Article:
Too many years ago, when I was completing my PGCE at the Institute of Education in London, I chose to focus on mixed ability teaching for one of the two dissertations I had to complete. It was fascinating to research, especially as all my teaching experience up to that point had been with mixed ability groups. This was more than a quarter of a century ago and the conclusion I drew then was that mixed ability grouping and teaching was by far the best option for the children in my classes. As a teacher, nothing I have ever experienced since has convinced me otherwise. Teach to the top and employ a range of strategies to ensure I bring all students along with me. I got an A for the dissertation and the research I did, and conclusions I drew seem to have served me well since. So was I right? Should schools really be setting and streaming all the way?
Looking at what has emerged in the research since I completed my dissertation, it seems little has changed. It is a pretty consistent message. For example, the nfer report, Streaming, Setting and Grouping by Ability: a review of the literature (Laura Sukhnandan with Barbara Lee) and the Millennium Cohort Study both make interesting reads but not if you are seeking to anchor your reason for setting or streaming in an evidence base.
The Education Endowment Foundation has a Setting or Streaming page in its Teaching and Learning Toolkit (March 2018), which is a summary of international evidence on teaching 5-16 year-olds. It concludes that: “Overall, setting or streaming appears to benefit higher attaining pupils and be detrimental to the learning of mid-range and lower attaining learners. On average it does not appear to be an effective strategy for raising the attainment of disadvantaged pupils, who are more likely to be assigned to lower groups.” Clear and persuasive?
At the British Educational Research Association conference in 2017, this issue was discussed through a paper by academics including Becky Taylor of the UCL Institute of Education. In her view, “Mixed-attainment grouping is widely seen as difficult and unconventional, and therefore risky. It is student attainment outcomes which suffer as a result of this fear.” Yet the small, positive benefits for the very highest attaining pupils should not be overlooked. The key question remains, are those benefits worth the consequences that the remaining pupils, both middle-attaining and low-attaining, must absorb for the sake of the highest attaining, or should we target interventions for the highest attaining in mixed ability groups so that all may benefit? In other words, can we afford to sacrifice the attainment of the many in order to boost, slightly, the attainment of the few?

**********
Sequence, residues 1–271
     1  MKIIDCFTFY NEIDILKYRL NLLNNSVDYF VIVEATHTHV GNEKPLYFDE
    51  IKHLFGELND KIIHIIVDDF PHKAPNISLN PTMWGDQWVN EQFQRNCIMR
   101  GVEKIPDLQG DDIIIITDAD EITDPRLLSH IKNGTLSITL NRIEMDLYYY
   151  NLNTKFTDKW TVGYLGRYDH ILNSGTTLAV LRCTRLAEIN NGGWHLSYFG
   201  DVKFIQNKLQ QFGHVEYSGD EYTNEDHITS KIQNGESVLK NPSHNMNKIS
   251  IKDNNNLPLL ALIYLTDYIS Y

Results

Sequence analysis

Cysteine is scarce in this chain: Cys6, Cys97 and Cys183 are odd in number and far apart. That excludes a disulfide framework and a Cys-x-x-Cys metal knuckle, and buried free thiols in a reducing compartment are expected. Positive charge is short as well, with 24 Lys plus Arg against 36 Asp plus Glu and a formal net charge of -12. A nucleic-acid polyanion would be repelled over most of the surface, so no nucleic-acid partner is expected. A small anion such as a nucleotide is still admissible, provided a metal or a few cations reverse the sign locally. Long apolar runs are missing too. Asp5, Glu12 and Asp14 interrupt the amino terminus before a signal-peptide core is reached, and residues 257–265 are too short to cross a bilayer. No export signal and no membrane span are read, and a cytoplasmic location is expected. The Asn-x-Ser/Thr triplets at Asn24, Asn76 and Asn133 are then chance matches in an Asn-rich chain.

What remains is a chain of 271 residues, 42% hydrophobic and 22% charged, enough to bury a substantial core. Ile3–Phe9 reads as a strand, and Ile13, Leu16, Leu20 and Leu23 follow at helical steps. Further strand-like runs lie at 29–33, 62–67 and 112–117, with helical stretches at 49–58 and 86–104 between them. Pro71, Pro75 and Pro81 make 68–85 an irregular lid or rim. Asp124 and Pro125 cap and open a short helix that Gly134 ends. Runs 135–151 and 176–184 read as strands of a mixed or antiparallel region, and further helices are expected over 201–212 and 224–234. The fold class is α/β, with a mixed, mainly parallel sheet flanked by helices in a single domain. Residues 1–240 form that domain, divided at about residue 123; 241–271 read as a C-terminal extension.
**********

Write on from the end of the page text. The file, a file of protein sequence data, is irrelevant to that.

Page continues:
It is hard to find evidence in support of segregating children on the grounds of prior attainment, and easy to find evidence not to. And yet setting and streaming remains a popular idea with policy makers and a few educators. According to the National Education Union, “the UK already employs setting to a far greater degree than many other countries – only six per cent of pupils were not “grouped by ability within their math classes” according to the international PISA study on educational outcomes in OECD countries.” Is that concerning given the evidence? Countries such as South Korea and Japan resort to setting to a far lesser degree and yet they both outperform the UK in maths. Staggeringly, though, setting and streaming even goes on in Early Years, despite what we know about how young children learn best.
There is no doubt, our relationship with setting and streaming is a curious one in the UK. Perhaps support for it is ideological rather than rational? Or perhaps we need to ask slightly different questions in future research? For example, are we deploying staff to best effect in classes that are set or streamed? At the moment, the message still appears to be loud and clear; mixed ability groups are best for the vast majority of children. If we are tempted to
Find out more…
The Education Endowment Foundation report, Setting or Streaming can be found here
The EEF Toolkit can be found here
See here for more from the NEU on setting and streaming
About the author
After graduating with a degree in Politics and International Relations from the University of Reading, Elizabeth Holmes completed her PGCE at the Institute of Education, University of London. She then taught humanities and social sciences in schools in London, Oxfordshire and West Sussex, where she ran the history department in a challenging comprehensive. Elizabeth specialises in education but also writes on many other issues and themes. As well as her regular blogs for eTeach and FEjobs, her books have been published by a variety of publishers and translated around the world.